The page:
Polygamy, Poor and Needy, Drained of Love
Issue 480 » June 6, 2008 - Jumada-al-Thani 2, 1429
Al-Nisa (The Women)
Chapter 4: Verse 3 (Partial)
"If you fear that you shall not be able to deal justly with the orphans, marry women of your choice, two, or three, or four; but if you fear that you shall not be able to deal justly (with them), then (marry) only one."
From this verse a number of facts are evident:
That polygamy is neither mandatory, nor encouraged, but merely permitted.
That the permission to practice polygamy is not associated with mere satisfaction of passion. It is rather associated with compassion toward widows and orphans, a matter that is confirmed by the atmosphere in which the verse was revealed.
That even in such a situation, the permission is far more restricted than the normal practice which existed among the Arabs and other people at that time when many married as many as ten or more wives.
That dealing justly with one’s wives is an obligation. This applies to housing, food, clothing, kind treatment etc., for which the husband is fully responsible. If one is not sure of being able to deal justly with them, the Quran say: “then (marry) only one.”
This verse, when combined with another verse in the same chapter (Quran 4: 129), shows some discouragement of such plural marriages. The requirement of justice rules out the fantasy that man can “own as many as he pleases.” It also rules out the concept of “secondary wife,” for all wives have exactly the same status and are entitled to identical rights and claims over their husband. It also implies, according to the Islamic Law, that should the husband fail to provide enough support for any of his wives, she can go to the court and ask for a divorce.
The verse says “marry,” not kidnap, buy, or seduce. What is “marriage” as understood in Islam? Marriage in Islam is a civil contract which is not valid unless both contracting parties consent to it. Thus no wife can be forced or “given” to a husband who is already married.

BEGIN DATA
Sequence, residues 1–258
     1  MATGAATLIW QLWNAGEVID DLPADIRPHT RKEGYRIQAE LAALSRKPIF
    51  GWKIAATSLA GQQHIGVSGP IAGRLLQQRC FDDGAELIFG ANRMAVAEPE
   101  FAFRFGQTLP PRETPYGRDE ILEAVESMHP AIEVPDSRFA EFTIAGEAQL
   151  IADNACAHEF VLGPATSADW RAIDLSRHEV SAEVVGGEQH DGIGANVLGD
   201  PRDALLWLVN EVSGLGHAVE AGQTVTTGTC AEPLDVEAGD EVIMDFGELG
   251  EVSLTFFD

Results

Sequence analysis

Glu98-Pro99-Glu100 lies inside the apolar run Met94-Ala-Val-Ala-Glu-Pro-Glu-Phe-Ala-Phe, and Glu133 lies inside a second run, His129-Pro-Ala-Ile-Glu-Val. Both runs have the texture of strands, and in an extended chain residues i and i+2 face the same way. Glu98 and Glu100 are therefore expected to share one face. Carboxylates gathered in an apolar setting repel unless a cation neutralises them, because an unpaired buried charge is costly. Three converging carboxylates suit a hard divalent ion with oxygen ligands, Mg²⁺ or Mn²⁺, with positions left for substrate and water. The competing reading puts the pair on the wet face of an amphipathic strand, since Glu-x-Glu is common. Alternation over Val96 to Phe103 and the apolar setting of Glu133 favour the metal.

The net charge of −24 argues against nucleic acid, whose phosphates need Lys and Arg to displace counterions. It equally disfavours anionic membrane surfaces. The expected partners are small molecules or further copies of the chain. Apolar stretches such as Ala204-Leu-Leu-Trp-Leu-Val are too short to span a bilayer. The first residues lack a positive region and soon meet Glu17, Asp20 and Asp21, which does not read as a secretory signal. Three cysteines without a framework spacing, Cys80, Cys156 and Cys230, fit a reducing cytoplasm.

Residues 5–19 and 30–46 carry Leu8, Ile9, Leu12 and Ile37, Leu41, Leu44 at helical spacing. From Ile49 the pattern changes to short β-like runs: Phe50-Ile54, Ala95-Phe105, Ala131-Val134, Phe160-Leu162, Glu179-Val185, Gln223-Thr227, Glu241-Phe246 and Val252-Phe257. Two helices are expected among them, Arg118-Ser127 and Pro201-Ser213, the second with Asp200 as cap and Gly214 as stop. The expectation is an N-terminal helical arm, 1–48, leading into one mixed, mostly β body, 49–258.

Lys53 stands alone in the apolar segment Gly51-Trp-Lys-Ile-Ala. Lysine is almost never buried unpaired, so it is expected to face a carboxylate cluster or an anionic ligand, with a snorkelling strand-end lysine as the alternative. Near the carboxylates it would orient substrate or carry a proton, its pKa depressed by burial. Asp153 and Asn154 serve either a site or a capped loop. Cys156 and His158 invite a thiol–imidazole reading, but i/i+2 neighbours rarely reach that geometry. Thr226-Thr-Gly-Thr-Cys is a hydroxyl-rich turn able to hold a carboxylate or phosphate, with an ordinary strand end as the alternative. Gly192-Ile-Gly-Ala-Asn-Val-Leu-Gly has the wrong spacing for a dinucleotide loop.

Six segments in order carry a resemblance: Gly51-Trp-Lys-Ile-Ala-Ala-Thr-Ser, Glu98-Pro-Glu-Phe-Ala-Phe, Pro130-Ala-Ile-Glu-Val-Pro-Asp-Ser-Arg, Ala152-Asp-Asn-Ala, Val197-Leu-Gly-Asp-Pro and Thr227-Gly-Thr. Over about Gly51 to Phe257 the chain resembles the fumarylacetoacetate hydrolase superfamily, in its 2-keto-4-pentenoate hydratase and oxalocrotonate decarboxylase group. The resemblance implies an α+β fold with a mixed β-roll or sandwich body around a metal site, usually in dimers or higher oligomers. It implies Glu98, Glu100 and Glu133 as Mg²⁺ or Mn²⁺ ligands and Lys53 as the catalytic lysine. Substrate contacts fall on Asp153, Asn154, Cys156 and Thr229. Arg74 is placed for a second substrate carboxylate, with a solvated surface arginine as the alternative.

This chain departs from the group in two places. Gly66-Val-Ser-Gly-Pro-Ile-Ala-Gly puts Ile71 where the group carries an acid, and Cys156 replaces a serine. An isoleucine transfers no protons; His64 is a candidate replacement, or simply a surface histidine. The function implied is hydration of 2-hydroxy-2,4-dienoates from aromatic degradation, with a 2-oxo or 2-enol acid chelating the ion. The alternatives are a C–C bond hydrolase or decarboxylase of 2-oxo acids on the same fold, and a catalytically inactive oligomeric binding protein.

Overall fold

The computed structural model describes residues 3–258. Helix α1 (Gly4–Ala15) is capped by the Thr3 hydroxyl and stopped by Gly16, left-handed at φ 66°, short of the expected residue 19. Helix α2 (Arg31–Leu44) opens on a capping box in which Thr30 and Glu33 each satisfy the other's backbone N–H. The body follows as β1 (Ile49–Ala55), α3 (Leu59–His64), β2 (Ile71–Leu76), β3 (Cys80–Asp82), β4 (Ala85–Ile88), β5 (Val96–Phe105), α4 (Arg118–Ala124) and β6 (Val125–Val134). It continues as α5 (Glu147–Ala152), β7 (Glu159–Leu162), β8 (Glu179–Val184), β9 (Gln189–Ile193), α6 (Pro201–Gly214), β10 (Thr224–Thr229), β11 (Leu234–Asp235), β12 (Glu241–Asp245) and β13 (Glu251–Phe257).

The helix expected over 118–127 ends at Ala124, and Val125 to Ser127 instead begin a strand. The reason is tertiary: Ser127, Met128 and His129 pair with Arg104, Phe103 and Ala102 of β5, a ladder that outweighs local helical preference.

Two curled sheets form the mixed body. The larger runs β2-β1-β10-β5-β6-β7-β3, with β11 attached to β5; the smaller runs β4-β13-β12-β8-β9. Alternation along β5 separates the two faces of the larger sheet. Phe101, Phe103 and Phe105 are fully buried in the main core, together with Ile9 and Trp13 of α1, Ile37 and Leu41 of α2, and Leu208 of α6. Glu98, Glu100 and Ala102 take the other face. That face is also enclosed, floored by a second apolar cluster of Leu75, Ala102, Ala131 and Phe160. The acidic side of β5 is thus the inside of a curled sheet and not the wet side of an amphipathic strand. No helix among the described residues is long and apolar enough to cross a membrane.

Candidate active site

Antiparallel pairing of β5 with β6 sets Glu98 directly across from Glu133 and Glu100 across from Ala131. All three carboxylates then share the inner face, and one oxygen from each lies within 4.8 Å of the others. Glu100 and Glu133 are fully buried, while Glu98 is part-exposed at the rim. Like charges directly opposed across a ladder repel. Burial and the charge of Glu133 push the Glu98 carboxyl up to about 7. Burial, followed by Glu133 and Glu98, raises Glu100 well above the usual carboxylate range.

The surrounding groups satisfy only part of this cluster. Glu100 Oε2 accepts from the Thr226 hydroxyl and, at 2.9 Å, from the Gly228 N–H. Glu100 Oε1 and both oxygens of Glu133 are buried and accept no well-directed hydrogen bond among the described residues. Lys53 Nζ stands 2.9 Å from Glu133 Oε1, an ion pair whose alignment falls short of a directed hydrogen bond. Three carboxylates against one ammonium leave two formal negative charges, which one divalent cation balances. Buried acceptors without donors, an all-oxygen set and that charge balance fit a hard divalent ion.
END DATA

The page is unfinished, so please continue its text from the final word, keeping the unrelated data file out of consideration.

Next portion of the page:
It is thus a free choice of both parties. As to the first wife:
She may be barren or ill and see in polygamy a better solution than divorce.
She may divorce him (unilaterally) if he is married to a second wife provided that the nuptial contract gives her the right of unilateral divorce (Ismah).
She can go to court and ask for a divorce if there is evidence of mistreatment or injustice inflicted upon her.
"Polygamy in Islamic Law" - Jamal A. Badawi
On the Poor and Needy
Ibn Abbas related that the Prophet said: Any Muslim who gives a Muslim a garment to wear will be in Allah's safekeeping as long as a shred of it remains on him. (Ahmad, Tirmidhi)
Relieving the person in debt
Abu Qatadah related that the Prophet said: If anyone would like Allah to save him from the hardships of the Day of Resurrection, he should give more time to his debtor who is short of money, or remit his debt altogether. (Muslim)
Food and the needy
Safwan ibn Salim related that the Prophet said: Anyone who looks after and works for a widow and a poor person is like a warrior fighting for Allah's cause, or like a person who fasts during the day and prays all night. (Bukhari)
Relatives who are needy
Salman ibn Amer reported that the Prophet said: To give something to a poor man brings one reward, while giving the same to a needy relation brings two: one for charity and the other for respecting the family ties. (Ahmad, Ibn Majah, Nasai, Tirmidhi)